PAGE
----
Tahini Maca Fudge
Alright, folks, here's the deal. I'm certifiably obsessed with tahini.
Am I late to the game? Perhaps. Is it the most delicious spread ever created? Indeed. Am I spooning it onto everything that seems right and some things that don't? You know it.
Previously I was eating only unhulled tahini (which uses the whole sesame seed and hence is higher in nutrients) and feeling a little blasé about the whole sesame paste business. Unhulled tahini can be a little bitter, you see. But since discovering the creamy, sweet side of hulled tahini (which contains less minerals but, hey, is still a darn good food) I am now, well, obsessed. Obsessed as in, there's a jar of tahini on my bench at all times. It's a 'why even bother putting it away in the cupboard?' situation.
My friend, Peta, opened my eyes to the beauty of tahini and honey on toast. My other friend, Yasmeen, is a long-term tahini lover (tahini and carob molasses is totally the new PB&J). And then there's my friend, Hannah, who has been slathering tahini in, on and around baked goods/spoons since the dawn of time.
My point is, others have been on the tahini bandwagon long before I jumped aboard and stuck my fingers in the jar. If you're one of these savvy sesame folk, please let me know how you're enjoying tahini. I'd love to have even more excuses to leave the jar on the counter.
Tahini Maca Fudge
Adapted from a recipe on Lidia Bier's facebook page (Lidia is a Melbourne-based Naturopath with ace vegan recipes & inspirational eats).
Notes: you can totally omit the mesquite powder if you like, it just provides a nice sweetness to help combat the interesting flavour of the maca powder (simply add more maple syrup in place of the mesquite). And then again, you can leave the maca out all together, I'm just keen on trailing its reported hormone regulation benefits and this was a tasty way for me to eat more of it! Some raw cacao or nut butter in the mix would surely be sensational. Have a play!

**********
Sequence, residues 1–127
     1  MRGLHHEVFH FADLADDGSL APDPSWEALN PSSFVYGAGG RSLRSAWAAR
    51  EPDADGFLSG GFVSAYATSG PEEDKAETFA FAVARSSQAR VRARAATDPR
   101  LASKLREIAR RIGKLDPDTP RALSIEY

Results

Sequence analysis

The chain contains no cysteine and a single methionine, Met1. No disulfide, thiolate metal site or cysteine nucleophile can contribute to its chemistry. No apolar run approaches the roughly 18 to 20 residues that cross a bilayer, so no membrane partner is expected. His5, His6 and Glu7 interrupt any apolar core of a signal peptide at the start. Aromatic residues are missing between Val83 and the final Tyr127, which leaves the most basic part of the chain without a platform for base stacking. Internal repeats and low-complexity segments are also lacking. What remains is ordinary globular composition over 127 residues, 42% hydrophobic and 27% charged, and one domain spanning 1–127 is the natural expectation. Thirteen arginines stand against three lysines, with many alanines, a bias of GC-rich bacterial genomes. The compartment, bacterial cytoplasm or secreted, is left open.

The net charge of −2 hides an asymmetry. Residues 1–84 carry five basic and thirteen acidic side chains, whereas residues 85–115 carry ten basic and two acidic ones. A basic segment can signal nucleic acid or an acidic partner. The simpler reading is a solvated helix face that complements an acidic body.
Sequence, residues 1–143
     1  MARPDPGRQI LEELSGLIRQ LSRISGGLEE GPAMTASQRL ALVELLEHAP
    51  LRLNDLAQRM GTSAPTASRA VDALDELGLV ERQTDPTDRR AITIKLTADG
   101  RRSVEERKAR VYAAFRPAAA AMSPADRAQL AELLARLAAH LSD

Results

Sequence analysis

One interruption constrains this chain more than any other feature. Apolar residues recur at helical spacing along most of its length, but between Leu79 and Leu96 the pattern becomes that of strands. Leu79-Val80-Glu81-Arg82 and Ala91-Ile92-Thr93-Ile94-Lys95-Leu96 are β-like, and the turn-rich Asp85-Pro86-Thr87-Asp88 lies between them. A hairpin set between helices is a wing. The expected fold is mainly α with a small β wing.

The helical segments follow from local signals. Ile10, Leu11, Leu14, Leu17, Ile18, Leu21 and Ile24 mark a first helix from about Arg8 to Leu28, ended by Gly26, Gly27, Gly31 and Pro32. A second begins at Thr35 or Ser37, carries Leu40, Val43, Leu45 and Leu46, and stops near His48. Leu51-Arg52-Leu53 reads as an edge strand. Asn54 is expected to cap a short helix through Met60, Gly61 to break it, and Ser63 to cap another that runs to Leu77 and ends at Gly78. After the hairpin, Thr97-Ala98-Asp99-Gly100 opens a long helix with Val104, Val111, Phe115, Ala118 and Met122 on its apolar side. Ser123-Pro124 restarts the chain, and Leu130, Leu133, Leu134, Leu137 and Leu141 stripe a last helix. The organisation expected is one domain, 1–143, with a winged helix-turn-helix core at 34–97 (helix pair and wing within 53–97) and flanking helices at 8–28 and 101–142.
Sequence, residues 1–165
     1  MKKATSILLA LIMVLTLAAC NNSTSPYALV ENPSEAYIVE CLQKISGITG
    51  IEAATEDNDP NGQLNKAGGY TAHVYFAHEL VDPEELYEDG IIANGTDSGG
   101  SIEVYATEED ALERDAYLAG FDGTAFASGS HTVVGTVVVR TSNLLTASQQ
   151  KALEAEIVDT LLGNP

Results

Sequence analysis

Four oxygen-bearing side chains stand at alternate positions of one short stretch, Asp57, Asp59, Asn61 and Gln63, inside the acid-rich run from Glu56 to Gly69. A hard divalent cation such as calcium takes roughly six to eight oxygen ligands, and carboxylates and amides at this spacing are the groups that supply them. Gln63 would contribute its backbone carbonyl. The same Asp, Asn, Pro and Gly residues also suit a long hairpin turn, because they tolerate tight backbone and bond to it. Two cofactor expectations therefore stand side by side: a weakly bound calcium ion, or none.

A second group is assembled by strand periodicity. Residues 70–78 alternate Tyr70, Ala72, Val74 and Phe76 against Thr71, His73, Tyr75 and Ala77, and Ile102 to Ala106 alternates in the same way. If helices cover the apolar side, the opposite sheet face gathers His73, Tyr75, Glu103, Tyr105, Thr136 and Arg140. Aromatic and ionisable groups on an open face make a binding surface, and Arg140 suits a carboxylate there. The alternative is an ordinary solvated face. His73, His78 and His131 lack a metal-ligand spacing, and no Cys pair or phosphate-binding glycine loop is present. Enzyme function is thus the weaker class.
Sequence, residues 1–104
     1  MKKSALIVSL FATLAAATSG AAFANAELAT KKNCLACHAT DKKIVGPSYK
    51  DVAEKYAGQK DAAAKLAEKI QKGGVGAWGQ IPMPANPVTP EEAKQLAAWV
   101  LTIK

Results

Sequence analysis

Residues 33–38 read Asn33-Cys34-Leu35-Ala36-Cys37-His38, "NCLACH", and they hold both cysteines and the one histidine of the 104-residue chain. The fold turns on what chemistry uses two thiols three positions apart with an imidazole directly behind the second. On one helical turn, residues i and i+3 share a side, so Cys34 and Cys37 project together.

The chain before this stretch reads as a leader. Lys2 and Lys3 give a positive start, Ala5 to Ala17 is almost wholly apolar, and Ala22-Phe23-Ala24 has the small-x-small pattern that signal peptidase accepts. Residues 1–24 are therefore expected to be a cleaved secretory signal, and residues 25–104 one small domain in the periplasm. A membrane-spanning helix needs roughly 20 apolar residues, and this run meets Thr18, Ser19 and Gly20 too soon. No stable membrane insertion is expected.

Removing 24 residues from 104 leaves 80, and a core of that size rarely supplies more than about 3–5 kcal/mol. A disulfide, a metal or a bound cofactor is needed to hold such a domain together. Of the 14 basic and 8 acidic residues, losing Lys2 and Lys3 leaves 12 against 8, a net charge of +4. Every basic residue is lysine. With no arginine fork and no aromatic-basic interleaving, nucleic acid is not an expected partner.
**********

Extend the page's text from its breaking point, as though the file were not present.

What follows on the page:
1/2 cup Hulled Tahini
1/2 cup Coconut Flour (from health food shops)
3 tablespoons runny Coconut Oil
1 tablespoon Mesquite Powder
a pinch of Sea Salt
2-3 tablespoons pure Maple Syrup (to taste as per sweetness preference)
3 tablespoons Water
1. Mix the first 6 ingredients together in a mixing bowl along with 2 tablespoons of the maple syrup and 2 tablespoons of the water. Stir well using a big spoon until the mixture is smooth.
2. Taste and adjust for more sweetness and water as desired (note: the mixture will be very sweet freshly mixed, but after chilling in the freezer it will not taste as sweet). The texture will be wet and moist but not sloppy. Coconut flour sucks up a lot of moisture, so add a bit more water if your mixture is on the dry side.
3. Pour the mixture into a small dish (I use a mini loaf pan) generously lined with baking paper. The size does not really matter, here, it's whatever size you'd prefer your fudge bites. Just keep in mind that a deeper pan will require longer setting time. Press the mixture down hard and smooth the surface with the back of a spoon (wet the spoon with water to help spread it out without sticking). Place in the freezer for at least 30 minutes to set (fold the baking paper over the top to protect the fudge).Note: The flavour will be most enjoyable and stronger when the fudge has rested outside of the freezer for a couple of minutes, so keep this in mind when cutting into portions and serving. Store in the freezer (it keeps well, I've had fudge in my freezer for three weeks and still found it to be super tasty).